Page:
The Museum/Tour. As noted above, access to Newgrange is by public tour only, which means that visitors will want to spend some time in the very well put together museum covering the site which provides information about the time period, construction of the tomb, and various other aspects of the region. The museum is also the jumping off-point for tours of the site, as visitors will have to cross a bridge over the Boyne River to the transportation hub, where tour busses pick up visitors before taking them on a fifteen minute ride to the actual tomb itself. From the drop-off point at the site, visitors have a great first view of the restored exterior of the site, before following their guide up a path toward the tomb. While there are many interesting facts about Newgrange (some listed here), one of the more interesting is that for centuries, the tomb was hidden in plain sight as it was covered by dirt and various other materials, before it was rediscovered in 1699 by Charles Campbell’s workers. Since that time, the site has been restored - and researched by a number of parties.
After walking up to the tomb, the tour allows a pause for the obligatory photos of the site, and also allows visitors to take in the stunning views of the region, including two “hills” in the nearby distance that are uncovered tombs from the same era. After learning about the site, and the region from the guide, one will be lead in through the passage, where photographs and videos are not allowed. While, on the one hand it is somewhat disappointing in the modern era not to be able to do these things, for me, it made the tour that much more interesting, as it allowed me to focus on the site itself. At the end of the passage, one arrives in the central chamber, and learns about the best theories of what it was used for, and depending on the guide, will likely experience what it looks like (via flashlight) during the solstice. While the underlying religion, purpose, legends, and history of the site have been lost through the passage of time, it is a powerful location to be in, in that being inside a 5000 year old structure is an impressive feat by itself alone. Once the guide is done with the tour, one is led back out, and can explore the exterior of the building for as long as one wants before returning on a bus back to the museum. Overall, assuming one doesn’t have to wait in line for the bus, or lingers overly long at the site, the experience takes roughly an hour and a half.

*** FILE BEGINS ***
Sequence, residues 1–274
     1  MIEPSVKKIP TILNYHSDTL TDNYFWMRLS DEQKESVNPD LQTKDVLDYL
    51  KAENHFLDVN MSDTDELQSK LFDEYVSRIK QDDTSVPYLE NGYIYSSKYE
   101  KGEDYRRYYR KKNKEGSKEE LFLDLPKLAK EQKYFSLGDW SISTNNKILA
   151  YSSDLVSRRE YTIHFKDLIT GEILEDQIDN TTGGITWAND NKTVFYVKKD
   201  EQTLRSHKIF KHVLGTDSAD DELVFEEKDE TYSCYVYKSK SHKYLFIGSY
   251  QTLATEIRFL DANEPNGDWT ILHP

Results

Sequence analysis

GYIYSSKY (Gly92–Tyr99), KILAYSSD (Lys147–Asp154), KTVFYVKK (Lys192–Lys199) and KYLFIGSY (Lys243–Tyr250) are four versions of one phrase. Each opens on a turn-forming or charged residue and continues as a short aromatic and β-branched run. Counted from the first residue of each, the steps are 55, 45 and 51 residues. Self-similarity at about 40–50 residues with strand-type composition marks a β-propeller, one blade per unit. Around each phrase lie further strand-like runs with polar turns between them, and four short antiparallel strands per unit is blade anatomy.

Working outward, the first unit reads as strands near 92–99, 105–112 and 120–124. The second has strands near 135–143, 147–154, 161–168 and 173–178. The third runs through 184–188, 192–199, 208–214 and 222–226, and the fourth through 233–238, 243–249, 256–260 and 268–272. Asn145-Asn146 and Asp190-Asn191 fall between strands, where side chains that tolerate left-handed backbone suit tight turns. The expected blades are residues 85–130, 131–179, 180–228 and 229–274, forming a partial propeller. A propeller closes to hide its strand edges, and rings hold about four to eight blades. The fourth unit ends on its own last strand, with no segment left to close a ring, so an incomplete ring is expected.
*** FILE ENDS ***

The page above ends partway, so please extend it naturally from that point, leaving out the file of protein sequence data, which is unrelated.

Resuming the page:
Tips: The ceiling inside the tomb, while structurally sound, is quite low. If one is over 5’8 in height, chances are you will hit your head at least once. Separately, as I mentioned, while the construction of the tomb is impressive on its own, many people believe that the site has energy, or is a portal to another world, or location. While I can’t speak to those things, what I did observe during my visit was a woman on the tour faint unexpectedly while in the central chamber, so be sure to be ready for whatever may occur while on the tour!